Those in Europe and a handful of non-European countries have been displeased that they had reopened to United States citizens with no return favor being granted, particularly considering that the U.S. has been experiencing relatively high COVID-19 infection rates.
That all changed today, when Jeff Zients, the White House Coronavirus Response Coordinator, announced that the U.S. is lifting travel ban and reopening to those countries in “early November.”
Currently, non-U.S. citizens may not enter the country if they have spent any portion of the previous 14 days in any European Union country or in the United Kingdom, Iran, India, China, South Africa or Brazil.
For those coming from other countries, needing to be vaccinated will be an added requirement that did not exist before.
“We will move to this much stricter global system, so we will have a consistent approach across all countries,” Zients said.
Amongst the changes will include visitors needing to engage in enhanced contact tracing, such as providing their phone numbers and email addresses.
The reason why the change is not being made immediately or imminently is to, according to Zients, allow airlines and related organizations time to implement these new protocols, which have not been finalized yet. One of the aspects that needs to be specified is which vaccines will be approved.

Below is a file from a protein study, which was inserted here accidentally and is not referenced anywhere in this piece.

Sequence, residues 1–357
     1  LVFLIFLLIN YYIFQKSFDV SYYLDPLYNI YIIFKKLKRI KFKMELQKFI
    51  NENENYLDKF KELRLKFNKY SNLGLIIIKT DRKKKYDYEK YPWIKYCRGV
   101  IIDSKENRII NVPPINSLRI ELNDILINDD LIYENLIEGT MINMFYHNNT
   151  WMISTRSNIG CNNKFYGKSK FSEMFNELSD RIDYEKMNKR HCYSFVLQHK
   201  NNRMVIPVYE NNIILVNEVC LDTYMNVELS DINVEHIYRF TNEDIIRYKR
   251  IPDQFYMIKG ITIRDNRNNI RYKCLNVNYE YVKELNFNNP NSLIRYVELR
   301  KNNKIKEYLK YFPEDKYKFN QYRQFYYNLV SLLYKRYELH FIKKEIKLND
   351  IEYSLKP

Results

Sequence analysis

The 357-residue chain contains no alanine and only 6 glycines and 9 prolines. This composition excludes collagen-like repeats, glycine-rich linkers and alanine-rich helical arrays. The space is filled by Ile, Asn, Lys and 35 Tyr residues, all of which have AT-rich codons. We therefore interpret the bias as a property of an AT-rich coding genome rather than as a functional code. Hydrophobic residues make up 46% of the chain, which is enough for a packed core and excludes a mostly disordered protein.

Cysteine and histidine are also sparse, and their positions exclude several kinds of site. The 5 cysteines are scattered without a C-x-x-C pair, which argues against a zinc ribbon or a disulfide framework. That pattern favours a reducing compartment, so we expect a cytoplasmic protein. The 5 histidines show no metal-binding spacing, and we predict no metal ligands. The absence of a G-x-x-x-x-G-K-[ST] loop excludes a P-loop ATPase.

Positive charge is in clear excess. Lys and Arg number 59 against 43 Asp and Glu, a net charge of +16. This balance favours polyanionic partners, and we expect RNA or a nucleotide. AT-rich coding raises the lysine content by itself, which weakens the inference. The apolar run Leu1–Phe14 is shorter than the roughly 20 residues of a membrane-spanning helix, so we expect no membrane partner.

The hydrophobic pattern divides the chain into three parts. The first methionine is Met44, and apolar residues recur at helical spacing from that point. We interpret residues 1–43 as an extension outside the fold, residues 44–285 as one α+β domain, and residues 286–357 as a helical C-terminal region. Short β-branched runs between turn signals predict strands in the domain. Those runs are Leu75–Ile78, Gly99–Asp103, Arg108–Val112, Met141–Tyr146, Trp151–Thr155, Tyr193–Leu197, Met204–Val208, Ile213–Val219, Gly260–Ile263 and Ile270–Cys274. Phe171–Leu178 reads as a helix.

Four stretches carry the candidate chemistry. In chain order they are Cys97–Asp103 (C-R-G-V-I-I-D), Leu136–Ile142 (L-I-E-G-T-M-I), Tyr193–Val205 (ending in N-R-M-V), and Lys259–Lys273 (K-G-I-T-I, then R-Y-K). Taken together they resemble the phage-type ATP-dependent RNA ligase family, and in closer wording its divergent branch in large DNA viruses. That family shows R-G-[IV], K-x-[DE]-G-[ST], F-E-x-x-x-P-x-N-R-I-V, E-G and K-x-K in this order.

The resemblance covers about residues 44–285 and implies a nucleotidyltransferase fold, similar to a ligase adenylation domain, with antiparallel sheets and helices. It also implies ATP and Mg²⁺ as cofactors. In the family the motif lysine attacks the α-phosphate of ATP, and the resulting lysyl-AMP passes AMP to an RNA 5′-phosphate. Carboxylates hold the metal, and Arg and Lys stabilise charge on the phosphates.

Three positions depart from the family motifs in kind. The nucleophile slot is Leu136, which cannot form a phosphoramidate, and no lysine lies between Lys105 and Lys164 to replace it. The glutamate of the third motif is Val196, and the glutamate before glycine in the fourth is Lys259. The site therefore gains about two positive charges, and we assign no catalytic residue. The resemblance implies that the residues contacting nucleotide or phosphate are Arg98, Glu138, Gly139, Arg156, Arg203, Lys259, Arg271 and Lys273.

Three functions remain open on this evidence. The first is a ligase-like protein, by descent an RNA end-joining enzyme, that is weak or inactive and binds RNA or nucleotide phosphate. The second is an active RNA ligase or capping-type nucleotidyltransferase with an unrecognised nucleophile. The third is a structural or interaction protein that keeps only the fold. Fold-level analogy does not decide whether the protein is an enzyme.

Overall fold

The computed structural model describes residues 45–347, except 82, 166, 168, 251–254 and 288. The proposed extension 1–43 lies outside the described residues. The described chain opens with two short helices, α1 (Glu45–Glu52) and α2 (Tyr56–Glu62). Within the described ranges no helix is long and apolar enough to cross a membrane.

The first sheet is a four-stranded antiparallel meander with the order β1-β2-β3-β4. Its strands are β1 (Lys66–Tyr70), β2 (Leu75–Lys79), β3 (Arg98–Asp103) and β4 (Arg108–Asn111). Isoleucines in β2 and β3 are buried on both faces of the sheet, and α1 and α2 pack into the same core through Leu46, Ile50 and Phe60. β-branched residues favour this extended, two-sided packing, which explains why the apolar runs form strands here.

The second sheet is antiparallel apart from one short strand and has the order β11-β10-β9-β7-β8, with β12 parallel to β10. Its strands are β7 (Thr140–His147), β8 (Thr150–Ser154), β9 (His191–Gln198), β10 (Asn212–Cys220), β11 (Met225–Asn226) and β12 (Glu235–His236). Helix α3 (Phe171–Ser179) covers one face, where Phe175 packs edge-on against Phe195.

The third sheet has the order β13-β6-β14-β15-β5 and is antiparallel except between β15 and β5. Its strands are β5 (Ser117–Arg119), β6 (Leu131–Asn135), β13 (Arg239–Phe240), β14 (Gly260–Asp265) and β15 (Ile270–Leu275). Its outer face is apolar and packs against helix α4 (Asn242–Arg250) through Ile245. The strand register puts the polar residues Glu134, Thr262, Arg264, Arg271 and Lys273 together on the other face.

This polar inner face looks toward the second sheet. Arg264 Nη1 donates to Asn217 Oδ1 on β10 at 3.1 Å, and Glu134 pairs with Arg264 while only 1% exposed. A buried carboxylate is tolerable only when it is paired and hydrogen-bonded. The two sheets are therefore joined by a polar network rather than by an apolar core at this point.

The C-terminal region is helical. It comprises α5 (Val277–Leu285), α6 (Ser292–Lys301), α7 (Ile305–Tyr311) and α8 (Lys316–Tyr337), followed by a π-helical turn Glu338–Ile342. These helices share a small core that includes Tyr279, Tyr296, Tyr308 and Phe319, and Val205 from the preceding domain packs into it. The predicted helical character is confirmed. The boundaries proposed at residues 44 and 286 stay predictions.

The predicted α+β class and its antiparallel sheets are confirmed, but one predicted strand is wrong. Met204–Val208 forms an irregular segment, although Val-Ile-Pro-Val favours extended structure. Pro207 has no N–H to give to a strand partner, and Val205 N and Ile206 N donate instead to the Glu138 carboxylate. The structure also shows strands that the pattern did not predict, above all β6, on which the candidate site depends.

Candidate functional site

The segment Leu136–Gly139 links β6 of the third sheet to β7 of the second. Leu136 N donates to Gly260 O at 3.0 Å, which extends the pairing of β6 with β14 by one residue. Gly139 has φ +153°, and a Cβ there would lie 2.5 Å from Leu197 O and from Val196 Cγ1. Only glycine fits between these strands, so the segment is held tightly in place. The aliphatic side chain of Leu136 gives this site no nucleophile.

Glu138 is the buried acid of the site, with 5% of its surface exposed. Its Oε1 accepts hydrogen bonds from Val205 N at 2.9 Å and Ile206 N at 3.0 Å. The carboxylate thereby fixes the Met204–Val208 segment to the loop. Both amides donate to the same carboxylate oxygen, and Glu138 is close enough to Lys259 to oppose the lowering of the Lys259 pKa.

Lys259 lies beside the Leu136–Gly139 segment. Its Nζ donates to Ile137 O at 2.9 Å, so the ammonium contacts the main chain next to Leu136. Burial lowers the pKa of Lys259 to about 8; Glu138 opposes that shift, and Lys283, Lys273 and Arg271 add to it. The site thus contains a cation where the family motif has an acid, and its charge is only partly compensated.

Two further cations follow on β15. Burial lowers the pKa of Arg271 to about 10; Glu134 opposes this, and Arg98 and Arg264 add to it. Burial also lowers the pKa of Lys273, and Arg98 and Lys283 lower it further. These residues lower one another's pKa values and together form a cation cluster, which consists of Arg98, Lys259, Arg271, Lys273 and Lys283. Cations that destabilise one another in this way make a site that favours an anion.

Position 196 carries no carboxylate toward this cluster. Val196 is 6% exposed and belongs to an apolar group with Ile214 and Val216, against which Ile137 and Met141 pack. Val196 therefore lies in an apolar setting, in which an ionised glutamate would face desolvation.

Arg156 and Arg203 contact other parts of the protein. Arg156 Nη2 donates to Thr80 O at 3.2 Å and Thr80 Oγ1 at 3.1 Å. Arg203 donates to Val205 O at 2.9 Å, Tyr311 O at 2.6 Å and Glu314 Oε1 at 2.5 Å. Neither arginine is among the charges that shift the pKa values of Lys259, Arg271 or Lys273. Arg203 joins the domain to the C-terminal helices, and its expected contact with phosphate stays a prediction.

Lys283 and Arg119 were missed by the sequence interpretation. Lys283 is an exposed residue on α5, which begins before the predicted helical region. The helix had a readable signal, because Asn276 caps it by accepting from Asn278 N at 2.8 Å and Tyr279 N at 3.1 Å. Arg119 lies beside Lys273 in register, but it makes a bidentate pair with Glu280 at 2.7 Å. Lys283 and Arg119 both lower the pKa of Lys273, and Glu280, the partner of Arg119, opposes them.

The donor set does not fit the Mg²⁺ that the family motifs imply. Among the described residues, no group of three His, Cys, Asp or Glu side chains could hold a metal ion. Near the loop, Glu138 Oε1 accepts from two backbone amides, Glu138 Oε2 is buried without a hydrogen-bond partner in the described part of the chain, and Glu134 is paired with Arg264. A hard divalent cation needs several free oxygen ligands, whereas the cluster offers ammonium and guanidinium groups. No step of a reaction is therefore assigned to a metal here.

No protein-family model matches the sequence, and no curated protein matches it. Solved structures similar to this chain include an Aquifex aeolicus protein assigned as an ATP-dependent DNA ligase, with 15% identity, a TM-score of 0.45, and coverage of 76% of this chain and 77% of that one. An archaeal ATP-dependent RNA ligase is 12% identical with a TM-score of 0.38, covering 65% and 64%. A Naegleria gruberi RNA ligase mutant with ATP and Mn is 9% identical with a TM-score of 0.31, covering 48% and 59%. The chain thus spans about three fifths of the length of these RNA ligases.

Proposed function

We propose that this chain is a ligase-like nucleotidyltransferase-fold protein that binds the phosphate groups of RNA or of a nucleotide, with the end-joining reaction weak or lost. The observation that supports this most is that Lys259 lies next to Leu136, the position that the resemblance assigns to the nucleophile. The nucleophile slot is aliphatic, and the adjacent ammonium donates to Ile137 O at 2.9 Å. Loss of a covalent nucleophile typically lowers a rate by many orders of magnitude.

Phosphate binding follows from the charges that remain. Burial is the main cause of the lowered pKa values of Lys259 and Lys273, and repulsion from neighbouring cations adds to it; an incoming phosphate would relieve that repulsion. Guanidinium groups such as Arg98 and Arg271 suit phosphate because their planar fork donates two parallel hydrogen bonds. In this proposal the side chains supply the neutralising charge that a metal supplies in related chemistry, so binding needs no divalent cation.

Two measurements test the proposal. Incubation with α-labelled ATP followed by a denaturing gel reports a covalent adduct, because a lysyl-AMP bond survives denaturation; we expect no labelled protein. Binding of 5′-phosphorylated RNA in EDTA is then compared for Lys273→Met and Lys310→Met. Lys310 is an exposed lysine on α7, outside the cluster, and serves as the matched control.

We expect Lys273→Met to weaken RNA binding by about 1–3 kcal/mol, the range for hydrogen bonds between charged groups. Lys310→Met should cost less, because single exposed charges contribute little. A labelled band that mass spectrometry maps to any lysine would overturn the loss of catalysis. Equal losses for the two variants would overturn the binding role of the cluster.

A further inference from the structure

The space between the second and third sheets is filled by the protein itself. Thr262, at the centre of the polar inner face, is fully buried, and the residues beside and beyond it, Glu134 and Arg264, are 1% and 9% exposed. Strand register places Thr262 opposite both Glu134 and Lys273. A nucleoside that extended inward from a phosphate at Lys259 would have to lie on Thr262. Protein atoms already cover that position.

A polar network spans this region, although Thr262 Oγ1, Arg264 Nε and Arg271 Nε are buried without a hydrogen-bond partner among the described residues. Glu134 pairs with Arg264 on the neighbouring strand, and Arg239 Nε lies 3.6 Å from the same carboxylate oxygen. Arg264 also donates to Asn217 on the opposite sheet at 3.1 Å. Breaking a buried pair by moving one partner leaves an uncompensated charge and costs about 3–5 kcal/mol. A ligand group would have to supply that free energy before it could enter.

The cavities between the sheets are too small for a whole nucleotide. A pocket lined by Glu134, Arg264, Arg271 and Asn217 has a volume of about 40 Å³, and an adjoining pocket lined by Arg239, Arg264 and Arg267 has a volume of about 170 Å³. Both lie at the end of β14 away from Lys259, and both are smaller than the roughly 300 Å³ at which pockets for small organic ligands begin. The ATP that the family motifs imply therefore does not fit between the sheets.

Those looking to come from Canada or Mexico should note that this change will only affect air travel.
Meanwhile, vaccinated Americans will still need to take a COVID-19 test within three days of traveling to the U.S. and have a negative result to show. However, another change announced today is that unvaccinated Americans must do so in a narrower window, within a day, and get tested again after arriving.
This declaration will not affect domestic flights within the U.S. although changes related to those may come at a later time.
As a result of this reopening news, shares from Lufthansa and International Consolidated Airlines, which owns British Airways, increased 6% and 10%, respectively, as cross-Atlantic Ocean travel is expected to increase significantly as compared to what would have occurred had this announcement not been made.